Orest Yarynich was born in October 1934 in Lviv in Galicia, then in Poland, now in Ukraine. At the end of the War, barely a teenager, he formed an underground group with his school friends, called “Saint Yury’s (George’s)”. They handed out tracts calling for civil resistance to the Soviet authorities and collected gifts and money to support the men of the Ukrainian Insurgent Army (UPA), who were fighting the Red Army in the Carpathian forests.
In December 1949, just 15 years old, he was arrested with his friends. After a long journey through the prisons of the USSR, including the Butyrka in Moscow, he was sentenced to five years’ forced labour for high treason and anti-Soviet conspiracy. He served his term in various sections of the Mordovian Gulag, was amnestied after Stalin’s death and returned to Lviv in 1953. But soon afterwards he was sent to Stalinabad (now Dushanbe) in Tajikistan for three years’ military service.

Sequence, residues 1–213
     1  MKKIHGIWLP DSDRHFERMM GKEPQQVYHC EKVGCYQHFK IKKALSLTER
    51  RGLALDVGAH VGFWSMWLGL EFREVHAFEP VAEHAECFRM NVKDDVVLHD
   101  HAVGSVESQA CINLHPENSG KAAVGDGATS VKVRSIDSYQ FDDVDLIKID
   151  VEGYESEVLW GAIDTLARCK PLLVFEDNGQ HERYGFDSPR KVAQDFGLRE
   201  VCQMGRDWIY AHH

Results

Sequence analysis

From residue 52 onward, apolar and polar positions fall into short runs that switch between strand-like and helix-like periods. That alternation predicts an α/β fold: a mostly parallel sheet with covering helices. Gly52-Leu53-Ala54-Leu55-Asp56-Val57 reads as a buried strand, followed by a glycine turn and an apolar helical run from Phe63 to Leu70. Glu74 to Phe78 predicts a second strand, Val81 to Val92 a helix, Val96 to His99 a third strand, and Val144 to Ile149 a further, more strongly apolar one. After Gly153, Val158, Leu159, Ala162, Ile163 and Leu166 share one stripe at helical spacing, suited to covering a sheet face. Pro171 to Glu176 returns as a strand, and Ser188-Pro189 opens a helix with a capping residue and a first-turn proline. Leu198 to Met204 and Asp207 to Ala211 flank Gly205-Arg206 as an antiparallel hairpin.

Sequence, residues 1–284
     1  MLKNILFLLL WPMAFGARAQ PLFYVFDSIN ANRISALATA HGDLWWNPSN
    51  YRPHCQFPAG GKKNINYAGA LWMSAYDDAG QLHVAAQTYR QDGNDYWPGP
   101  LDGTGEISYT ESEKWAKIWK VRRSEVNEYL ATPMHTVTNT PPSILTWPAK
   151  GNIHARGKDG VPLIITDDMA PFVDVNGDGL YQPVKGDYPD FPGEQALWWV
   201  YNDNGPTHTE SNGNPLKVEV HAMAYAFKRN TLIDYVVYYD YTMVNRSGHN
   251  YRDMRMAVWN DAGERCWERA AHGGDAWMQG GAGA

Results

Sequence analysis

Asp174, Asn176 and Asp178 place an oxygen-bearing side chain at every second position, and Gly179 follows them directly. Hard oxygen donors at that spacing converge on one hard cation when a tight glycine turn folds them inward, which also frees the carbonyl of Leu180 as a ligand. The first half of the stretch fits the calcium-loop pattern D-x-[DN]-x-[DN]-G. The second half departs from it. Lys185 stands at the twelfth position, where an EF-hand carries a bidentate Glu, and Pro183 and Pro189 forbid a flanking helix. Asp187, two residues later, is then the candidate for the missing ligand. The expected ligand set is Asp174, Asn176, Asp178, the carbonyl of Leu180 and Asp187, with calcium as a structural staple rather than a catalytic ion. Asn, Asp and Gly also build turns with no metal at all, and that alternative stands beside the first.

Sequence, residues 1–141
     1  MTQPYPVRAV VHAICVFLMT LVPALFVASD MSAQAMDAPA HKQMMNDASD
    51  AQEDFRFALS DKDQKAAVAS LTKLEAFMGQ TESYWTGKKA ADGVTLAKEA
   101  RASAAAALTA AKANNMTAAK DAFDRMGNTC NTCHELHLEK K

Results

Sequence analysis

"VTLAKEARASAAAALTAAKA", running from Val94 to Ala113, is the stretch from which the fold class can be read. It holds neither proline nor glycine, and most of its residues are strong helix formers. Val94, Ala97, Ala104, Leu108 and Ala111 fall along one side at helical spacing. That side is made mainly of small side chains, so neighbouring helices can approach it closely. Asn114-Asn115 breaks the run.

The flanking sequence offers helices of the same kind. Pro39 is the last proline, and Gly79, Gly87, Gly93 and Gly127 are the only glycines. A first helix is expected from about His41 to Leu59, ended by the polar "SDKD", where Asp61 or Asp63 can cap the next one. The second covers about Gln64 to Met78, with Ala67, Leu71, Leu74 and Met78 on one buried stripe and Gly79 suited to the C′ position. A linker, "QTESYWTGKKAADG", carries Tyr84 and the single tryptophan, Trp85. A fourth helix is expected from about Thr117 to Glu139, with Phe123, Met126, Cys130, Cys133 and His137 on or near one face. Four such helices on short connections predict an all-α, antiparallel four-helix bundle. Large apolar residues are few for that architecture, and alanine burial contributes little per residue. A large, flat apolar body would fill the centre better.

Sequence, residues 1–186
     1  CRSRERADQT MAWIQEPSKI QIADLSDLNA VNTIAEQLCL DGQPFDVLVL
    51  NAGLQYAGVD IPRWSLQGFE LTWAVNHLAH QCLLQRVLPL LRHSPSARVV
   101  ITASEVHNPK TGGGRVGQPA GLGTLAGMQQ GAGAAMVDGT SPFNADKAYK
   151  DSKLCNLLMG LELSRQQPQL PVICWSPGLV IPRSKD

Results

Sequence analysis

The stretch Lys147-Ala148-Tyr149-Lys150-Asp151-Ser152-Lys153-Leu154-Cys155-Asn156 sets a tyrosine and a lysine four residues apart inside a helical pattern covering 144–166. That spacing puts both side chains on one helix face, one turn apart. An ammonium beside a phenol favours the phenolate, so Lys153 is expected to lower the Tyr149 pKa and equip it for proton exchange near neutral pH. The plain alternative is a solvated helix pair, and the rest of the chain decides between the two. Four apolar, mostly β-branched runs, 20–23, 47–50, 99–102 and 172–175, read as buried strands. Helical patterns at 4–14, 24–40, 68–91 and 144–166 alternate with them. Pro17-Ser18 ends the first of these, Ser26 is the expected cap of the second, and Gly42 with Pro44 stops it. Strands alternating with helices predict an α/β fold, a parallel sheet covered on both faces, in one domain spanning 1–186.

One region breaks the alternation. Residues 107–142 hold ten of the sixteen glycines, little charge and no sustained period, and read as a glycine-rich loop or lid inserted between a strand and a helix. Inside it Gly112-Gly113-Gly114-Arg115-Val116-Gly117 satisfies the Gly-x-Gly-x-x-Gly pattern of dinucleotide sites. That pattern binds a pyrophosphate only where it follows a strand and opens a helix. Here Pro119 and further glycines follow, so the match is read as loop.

It was not until the late 1950s that he could settle in Lviv, study orthodontics, marry and enjoy a career and family life.